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Heartless Review – Alice in Wonderland Retelling by Marissa Meyer

Out of 10

Heartless Review – An Alice in Wonderland Retelling by Lunar Chronicles Author, Marrisa Meyer

They say imitation is the sincerest form of flattery. Lewis Carroll would likely be shocked at the sheer number of Alice in Wonderland iterations that exist in the world today. Many try, many fail.

Marrissa Meyer, author of the highly praised YA Scifi series The Lunar Chronicles, performs this feat marvelously by spectacularly capturing the voice and style of this beloved childhood story. All your favorite characters are there, the cadence synchronizes near perfectly, and her nuanced nods to Carroll’s expert. However, Meyer disappointingly trips at the finish line with vexatious insta-love, so often found in modern YA, and a disappointing plot climax choice.

I admit, I expected more from a favorite young adult author. I was not, and likely never will be, disappointed in her writing style – which is elegant yet concise and enjoyable to read.

Meyer begins this retelling with the introduction of our future Queen of Hearts as a teenager, dubbed Catherine, her family and our familiar cast of characters. She capably interweaves her version of the tale and expertly eludes to multitudinous moments, humor, and asides from the original story.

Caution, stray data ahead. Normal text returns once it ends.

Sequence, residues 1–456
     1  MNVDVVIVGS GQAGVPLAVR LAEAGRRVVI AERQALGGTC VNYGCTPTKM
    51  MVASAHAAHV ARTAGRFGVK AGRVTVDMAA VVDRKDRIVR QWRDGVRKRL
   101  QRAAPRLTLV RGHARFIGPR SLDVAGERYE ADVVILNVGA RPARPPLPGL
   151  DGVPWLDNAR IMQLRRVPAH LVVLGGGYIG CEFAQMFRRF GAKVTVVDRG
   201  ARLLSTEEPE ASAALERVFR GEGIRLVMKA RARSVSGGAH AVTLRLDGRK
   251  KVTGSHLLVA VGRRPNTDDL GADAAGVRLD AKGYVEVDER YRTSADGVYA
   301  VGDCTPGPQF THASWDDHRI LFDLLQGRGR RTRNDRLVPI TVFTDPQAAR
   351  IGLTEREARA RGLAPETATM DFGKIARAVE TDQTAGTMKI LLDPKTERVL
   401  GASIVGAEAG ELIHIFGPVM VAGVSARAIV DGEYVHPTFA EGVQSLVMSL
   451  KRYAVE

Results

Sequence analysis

It would be a mistake to read Heartless without first familiarizing yourself with Alice in Wonderland. Without this exposure, the reader would miss out on a myriad of humorous recollections, references, and subtle jokes.

Voice and cogent references aside, any great villain backstory leads with one question: Why?

What happened to this person to make them behave so badly? What awful event turned them from human to villain?

It is Meyer’s answer to this essential question which leaves the reader feeling fleeced.

Her explanation, instead of adding fuel to the well-known Queen of Hearts fire, throws on a wet blanket, diminishing flame to barely a smoke signal. Were I able to speak to Meyer (or her editor), I would have suggested a more honest ending. One in which the pain and subsequent anger could be understood enough by the reader to explain the Red Queen’s infamous fury. I found the plot climax and resolution an astounding disappointment and well… wishy-washy.

The true shame in this ending is that I adored the book until the last 75 pages. I formally request that they be removed and rewritten. YA is for young adults, yes, but it should still reflect harsh truths – especially in the case of this world famous brute, our Queen of Hearts.

Curious to find out for yourself? Click the cover to learn more:

Good Things

  • Fantastic references to the original
  • Meyer's undeniably enjoyable writing style

Bad Things

  • Insta-love
  • Bad choice of plot

The Breakdown

Writing Style

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